The interest of the states can be understood through a survey that we recently conducted among our students. The survey, which was answered by 505 international students, clearly demonstrates that about 70% of international students, who study at excellent universities, are considering, and some have already decided, not to return back home as physicians. Instead, they may look for places that are offering better working conditions and attractive career opportunities.

This ‘brain drain’ is, in my opinion, the strongest motivational tool to encourage students to return back home.

In light of the worsening shortage of physicians across the globe, the States must embrace their citizens, and enable them to integrate into the public health system, even during the early stages of their studies.

Absolutely not! The right to perform clinical rotations in your home country is granted by certain universities, to certain extents, but the final decision should be done by the students.

Yes. In most cases there is a weekly cost (in addition to the tuition fee). Some universities provide a tuition fee discount to students who perform clinical rotations back home and some do not.

Usually the students pay directly to the hospitals and not through intermediaries / organizations of any kind.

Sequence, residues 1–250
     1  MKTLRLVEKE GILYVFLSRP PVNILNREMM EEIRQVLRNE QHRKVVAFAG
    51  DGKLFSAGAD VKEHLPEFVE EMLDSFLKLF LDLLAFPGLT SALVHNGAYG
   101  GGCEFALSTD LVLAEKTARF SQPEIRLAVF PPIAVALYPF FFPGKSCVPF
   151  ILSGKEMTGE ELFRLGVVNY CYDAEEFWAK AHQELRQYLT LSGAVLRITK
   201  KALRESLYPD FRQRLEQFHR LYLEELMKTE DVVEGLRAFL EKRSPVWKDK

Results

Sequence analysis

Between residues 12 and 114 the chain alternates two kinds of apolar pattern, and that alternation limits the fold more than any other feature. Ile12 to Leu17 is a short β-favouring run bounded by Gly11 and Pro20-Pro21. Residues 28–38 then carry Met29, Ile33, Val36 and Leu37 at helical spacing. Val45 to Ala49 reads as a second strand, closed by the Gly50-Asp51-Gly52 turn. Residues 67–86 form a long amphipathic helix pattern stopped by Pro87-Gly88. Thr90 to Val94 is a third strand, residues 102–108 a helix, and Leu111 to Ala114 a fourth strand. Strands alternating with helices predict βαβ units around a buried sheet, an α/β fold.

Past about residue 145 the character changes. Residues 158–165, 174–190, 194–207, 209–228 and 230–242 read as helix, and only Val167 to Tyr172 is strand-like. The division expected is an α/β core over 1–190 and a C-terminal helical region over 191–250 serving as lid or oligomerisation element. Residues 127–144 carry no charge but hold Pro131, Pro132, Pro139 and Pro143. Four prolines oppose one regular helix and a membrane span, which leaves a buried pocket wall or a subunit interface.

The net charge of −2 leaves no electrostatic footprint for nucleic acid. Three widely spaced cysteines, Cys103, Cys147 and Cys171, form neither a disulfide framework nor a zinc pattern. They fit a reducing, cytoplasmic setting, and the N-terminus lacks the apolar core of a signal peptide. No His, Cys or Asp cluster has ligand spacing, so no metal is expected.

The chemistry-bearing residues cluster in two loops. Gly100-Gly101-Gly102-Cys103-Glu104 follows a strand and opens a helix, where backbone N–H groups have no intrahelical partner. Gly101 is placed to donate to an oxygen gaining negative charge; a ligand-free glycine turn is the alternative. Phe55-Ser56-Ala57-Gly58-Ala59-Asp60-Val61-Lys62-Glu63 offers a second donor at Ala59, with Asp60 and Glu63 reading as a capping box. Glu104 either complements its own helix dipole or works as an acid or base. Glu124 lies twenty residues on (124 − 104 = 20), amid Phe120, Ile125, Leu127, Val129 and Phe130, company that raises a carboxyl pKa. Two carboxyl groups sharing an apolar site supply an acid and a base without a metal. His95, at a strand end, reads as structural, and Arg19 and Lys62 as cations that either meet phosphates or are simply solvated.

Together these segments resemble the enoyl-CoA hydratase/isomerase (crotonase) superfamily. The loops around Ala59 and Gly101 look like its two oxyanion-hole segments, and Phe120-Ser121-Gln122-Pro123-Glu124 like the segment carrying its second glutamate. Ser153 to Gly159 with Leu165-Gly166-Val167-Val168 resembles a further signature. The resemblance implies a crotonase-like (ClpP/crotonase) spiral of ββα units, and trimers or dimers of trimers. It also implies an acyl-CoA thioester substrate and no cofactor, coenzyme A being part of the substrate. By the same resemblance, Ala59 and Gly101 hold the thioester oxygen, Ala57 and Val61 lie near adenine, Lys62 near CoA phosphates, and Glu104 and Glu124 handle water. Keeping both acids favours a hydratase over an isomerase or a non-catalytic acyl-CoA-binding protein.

Performing the clinical rotations back home involves an additional financial burden, as stated above. In addition, there are additional logistical considerations (apartment, utilities, etc.)

Yes. It is possible that a university will cancel or alter the possibility or number of weeks in which clinical rotations are allowed to be performed back home.

In most international English-speaking faculties in Europe, this option exists. The duration and content of the rotations, and the number of students allowed to perform the rotations back home may differ between universities. Some universities have no limit on the number of students, while others limit the number of students down to about 20% of their total each year.

Normally it has to be university affiliated teaching hospitals, that have a cooperation agreement with the university.

As a physician, I acquired my medical education in Europe, I learned that it is much better to perform the clinical rotations in my mother tongue, and my familiar cultural background. In my opinion, this has a direct positive effect on the level of communication with patients.

In addition, as a teacher to thousands of medical students, some of whom are already senior physicians, I believe that exposing the students to the health system in which they wish to specialize in the future, has an important added value.

From the State’s point of view, in my opinion, this allowance is a supreme interest, aimed at preserving the human asset, that is forced to acquire its education overseas, and at the end constitutes a critical medical manpower reserve for the State.

In my opinion, yes! Most of our students are accepted to study medicine at more than one university. In my opinion, the possibility of performing clinical rotations back home is a very important factor, supporting their future career, and therefore should be a crucial consideration when choosing a university.